The Southeast Alaska sea otter population well-more than doubled over the past decade. That’s according to an estimate from the U.S. Fish and Wildlife Service, which released a draft of its revised stock assessment this week(4/18). As Matt Lichtenstein reports, the numbers have been out for a while but the public now has a formal chance to comment on them.
The draft estimates a total of 25, 712 otters in the region. The number is based on aerial surveys done by researchers in 2010 and 2011. That compares with 10,563 otters in 2003. The latest numbers won’t come as a surprise to many who have been following this issue. Federal scientists had already presented results from their population studies in public presentations and news reports over the past couple years. The revised stock assessment formalizes the numbers and provides a 90 day opportunity for public comment.
According to Fish and Wildlife Service spokesperson Bruce Woods, the agency will consider and incorporate public input before the draft is finalized,“Any input on habitat degradation or improvement of habitat, any additional information be it traditional ecological knowledge or personal observation that might help us refine our numbers. Any additional information on human caused mortality or injury that we may not be taking into account.”
The Russian fur trade wiped out the southeast sea otter population by the early 20th century. The state of Alaska re-introduced about four hundred of the animals to Southeast in the 1960’s and they have thrived. According to the draft assessment, the regions otter population appears to be growing at a rate of 12 to 14 percent per year.
The assessment allows for a Potential biological removal of nearly 2200 animals. Basically, that means the number of animals that can be killed, intentionally or unintentionally, before the Fish and Wildlife Service has to impose regulations to limit the take. According to the draft document, it’s never gotten close to that point.
From 2006 to 2010 around 450 otters were taken each year for subsistence by coastal Alaska natives, who are the only people allowed to hunt the animals under the Marine Mammal Protection Act.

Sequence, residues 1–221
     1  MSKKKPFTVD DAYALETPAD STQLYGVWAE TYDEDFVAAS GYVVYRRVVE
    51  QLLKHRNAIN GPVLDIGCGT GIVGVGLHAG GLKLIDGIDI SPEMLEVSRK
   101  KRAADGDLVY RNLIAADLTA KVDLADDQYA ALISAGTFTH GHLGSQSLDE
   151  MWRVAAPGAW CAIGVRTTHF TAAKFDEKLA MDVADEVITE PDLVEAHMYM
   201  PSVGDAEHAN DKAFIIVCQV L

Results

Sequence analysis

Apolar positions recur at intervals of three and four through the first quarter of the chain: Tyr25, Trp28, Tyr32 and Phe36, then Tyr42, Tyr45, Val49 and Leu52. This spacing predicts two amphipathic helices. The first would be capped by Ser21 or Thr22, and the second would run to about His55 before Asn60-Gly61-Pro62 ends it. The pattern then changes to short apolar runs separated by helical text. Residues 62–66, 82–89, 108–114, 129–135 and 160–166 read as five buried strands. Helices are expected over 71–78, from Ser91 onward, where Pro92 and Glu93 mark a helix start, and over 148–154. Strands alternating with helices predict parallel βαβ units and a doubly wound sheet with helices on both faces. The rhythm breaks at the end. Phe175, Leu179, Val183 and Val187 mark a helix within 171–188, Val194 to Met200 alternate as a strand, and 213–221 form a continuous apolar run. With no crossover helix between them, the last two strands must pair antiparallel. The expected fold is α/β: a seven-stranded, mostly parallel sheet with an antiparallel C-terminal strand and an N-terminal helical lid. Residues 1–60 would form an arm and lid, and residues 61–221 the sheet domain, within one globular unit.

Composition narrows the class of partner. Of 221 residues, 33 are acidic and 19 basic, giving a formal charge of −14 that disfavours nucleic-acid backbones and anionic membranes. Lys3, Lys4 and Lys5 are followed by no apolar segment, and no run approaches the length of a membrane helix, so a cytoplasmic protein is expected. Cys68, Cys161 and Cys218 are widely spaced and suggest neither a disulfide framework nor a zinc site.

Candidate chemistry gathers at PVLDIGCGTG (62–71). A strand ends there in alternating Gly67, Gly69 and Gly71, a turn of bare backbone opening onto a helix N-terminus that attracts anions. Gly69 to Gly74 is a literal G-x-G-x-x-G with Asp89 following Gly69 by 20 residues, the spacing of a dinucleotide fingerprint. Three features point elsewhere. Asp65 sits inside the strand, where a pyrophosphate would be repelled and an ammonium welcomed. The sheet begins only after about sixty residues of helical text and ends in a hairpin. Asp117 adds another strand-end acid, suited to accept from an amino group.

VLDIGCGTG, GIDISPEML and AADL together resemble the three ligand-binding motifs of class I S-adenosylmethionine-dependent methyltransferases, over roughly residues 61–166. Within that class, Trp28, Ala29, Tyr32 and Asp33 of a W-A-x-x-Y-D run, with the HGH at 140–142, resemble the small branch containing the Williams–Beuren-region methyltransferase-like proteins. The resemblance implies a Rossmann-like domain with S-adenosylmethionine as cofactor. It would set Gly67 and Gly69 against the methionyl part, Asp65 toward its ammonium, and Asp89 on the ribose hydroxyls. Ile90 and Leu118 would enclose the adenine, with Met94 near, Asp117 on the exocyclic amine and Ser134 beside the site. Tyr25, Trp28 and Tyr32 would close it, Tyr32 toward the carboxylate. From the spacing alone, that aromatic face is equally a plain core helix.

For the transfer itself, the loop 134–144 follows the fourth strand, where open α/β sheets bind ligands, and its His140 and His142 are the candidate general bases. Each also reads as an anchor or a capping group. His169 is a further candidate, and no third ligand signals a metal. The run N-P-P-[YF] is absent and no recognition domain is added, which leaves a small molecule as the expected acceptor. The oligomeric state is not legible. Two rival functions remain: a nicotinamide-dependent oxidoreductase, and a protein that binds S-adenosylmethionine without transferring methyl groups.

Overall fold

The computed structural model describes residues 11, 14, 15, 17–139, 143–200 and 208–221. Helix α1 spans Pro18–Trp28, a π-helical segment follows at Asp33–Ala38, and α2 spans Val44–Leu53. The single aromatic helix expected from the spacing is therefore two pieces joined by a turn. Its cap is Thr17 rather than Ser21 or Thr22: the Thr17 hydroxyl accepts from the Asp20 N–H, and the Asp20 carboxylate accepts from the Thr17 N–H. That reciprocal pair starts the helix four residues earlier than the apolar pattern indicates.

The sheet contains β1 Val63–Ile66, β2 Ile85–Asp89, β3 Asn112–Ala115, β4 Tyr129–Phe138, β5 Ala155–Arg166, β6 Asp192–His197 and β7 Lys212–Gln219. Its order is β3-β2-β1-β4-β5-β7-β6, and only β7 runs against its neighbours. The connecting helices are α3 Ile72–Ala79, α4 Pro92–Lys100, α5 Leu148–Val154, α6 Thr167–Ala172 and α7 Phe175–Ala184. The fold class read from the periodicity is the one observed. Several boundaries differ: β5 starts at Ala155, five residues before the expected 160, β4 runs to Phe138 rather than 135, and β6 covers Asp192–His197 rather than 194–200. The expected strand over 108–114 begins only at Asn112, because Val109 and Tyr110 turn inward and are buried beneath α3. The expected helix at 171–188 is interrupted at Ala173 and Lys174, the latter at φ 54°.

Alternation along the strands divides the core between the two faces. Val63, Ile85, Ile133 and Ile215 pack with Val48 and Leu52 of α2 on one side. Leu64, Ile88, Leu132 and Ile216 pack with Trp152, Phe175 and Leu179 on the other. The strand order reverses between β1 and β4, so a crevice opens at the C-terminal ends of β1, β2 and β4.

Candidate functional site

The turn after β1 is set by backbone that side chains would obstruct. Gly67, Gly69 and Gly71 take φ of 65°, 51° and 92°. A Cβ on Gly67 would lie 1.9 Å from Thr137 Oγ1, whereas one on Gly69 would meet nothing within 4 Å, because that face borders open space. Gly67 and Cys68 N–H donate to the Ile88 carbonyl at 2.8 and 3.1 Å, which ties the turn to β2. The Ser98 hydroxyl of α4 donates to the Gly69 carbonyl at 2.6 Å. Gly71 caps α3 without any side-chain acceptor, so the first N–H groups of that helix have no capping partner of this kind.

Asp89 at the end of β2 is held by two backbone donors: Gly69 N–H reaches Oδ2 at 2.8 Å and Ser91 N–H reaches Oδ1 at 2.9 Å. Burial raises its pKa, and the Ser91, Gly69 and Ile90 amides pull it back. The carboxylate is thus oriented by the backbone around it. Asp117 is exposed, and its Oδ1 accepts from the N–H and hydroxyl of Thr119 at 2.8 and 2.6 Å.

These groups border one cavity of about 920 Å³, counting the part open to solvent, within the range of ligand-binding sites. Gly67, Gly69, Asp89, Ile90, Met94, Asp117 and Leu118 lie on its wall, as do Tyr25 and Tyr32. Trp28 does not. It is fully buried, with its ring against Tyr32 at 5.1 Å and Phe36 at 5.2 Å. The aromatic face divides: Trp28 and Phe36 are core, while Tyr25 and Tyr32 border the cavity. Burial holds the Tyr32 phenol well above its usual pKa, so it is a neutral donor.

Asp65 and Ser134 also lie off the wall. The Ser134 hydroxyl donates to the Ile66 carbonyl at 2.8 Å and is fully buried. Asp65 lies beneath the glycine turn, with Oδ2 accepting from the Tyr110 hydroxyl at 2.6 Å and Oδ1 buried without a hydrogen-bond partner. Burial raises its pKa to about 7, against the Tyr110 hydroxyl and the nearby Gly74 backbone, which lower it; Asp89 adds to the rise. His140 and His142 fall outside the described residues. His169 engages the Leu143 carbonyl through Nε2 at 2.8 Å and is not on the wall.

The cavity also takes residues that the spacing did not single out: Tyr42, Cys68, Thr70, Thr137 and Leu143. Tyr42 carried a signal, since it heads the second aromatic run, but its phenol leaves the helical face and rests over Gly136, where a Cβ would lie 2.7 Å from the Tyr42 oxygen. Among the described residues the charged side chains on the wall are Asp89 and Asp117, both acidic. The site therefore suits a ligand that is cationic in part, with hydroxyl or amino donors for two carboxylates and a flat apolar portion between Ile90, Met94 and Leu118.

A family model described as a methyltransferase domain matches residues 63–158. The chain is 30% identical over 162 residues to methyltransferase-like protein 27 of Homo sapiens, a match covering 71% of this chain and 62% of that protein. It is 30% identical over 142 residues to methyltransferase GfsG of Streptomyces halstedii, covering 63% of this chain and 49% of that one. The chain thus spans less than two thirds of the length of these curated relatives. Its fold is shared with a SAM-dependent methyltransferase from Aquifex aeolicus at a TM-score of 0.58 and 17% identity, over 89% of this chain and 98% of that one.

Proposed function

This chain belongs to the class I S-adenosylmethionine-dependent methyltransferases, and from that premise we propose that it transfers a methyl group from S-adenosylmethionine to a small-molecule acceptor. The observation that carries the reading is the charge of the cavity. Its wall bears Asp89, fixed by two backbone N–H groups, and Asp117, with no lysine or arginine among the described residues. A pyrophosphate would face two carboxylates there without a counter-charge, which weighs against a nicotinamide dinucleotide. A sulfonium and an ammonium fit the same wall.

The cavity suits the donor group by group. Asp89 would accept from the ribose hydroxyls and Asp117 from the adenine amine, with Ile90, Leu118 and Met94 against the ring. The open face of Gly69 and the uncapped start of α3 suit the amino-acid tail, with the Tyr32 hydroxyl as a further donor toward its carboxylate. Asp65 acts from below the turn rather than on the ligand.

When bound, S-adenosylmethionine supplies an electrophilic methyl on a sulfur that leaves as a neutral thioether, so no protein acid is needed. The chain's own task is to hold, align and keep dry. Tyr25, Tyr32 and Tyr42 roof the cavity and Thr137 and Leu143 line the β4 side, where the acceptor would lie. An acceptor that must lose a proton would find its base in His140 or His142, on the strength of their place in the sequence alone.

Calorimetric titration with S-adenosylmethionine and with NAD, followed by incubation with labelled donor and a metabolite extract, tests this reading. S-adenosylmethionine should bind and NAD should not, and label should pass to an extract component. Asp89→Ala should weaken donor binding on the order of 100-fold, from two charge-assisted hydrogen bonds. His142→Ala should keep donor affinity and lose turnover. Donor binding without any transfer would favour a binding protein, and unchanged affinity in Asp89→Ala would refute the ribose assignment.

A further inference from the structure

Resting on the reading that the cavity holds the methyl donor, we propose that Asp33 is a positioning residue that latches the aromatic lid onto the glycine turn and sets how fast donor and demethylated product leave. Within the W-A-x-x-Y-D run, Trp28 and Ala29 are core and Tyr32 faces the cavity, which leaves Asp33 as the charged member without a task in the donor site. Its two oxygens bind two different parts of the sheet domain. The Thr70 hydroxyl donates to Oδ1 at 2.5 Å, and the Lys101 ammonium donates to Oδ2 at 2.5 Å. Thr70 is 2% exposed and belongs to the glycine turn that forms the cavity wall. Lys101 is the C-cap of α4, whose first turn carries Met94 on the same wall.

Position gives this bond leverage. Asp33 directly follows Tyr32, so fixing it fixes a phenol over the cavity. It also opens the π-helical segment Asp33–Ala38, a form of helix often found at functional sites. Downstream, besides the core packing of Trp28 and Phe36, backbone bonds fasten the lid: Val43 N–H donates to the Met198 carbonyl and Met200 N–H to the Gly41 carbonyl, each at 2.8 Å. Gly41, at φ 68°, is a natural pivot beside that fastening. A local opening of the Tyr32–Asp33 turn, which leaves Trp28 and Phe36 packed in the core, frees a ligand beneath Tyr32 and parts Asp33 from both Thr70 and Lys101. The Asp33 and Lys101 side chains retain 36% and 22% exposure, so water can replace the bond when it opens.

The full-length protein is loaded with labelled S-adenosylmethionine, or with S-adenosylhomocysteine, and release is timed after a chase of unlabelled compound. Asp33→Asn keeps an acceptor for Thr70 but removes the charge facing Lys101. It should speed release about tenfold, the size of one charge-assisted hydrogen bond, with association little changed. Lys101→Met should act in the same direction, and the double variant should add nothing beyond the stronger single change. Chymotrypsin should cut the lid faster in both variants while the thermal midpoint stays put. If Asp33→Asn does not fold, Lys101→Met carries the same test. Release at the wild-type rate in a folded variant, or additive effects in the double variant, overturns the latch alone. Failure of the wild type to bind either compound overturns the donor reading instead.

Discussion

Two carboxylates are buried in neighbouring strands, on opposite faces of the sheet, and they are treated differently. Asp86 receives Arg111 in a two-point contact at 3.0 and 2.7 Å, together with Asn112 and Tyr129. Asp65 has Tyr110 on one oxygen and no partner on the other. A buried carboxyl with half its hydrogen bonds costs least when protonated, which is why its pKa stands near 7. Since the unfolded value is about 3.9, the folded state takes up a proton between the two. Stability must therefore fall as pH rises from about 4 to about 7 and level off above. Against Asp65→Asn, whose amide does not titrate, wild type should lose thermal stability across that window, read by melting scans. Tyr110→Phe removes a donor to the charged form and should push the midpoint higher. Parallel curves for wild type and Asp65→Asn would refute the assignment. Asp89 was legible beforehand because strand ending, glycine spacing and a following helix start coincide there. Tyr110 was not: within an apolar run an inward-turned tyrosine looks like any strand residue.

The report says sea otters have –quote- “occupied appreciable new habitat in southern southeast since 2003”. That’s something fishermen and others out on the water have witnessed for years. In particular, the report goes on, -quote- “otters have moved in large numbers along the northwest coast of Kuiu Island up into Keku Strait and then animals from this area have crossed Frederick Sound to the southern tip of Admiralty Island, and finally otters have expanded northward from the Barrier Islands (off southwest Prince of Wales)through Tlevak Strait”.
“What we’re seeing is an indication of a population that is recovering and that is continuing to move into habitat that it formerly occupied and has probably not finished the process of recolonizing habitat that it once occurred in,” says Woods.
The otter’s rapid population growth and voracious appetite for shellfish has been a major concern for commercial crabbers, dive fishermen and subsistence harvesters. They’ve seen once-productive fishing grounds for dungeness crab, sea cucumbers and other species depleted after the otters move in.
Petersburg assembly member and commercial fisherman Kurt Wohlheuter chairs a local committee that’s drafted a resolution on the issue for the rest of the assembly to consider. It takes the federal government to task for not developing a current plan to manage the otter population.
“There is no management plan for the sea otters and, you know, they’re out of control at this point because they’re eating some of the crab fishermen out of house and home, as evident by fewer and fewer participants every year and, you know, without that management tool for the sea otters I’m afraid that at some point, that there will be no dungeness fisheries and that’s the thing that concerns everybody here,” says Wohlheuter.
Fishing industry advocates have called for more aggressive efforts to reduce otter numbers. Opponents of that approach emphasize that otters benefit other fisheries by eating sea urchins. Urchins destroy kelp forests that serve as shelter for juvenile salmon, herring and other fish.
The Fish and Wildlife Service’s last conservation plan for Alaska Sea Otters dates back to 1994. At the time, the federal agency set the goal of determining an optimal sustainable population for the animals. That has not happened yet. Woods says they are working on developing a formula to estimate that number by March of 2015.
Meanwhile, the draft population assessment is available through a link on the US Fish and Wildlife Service Website.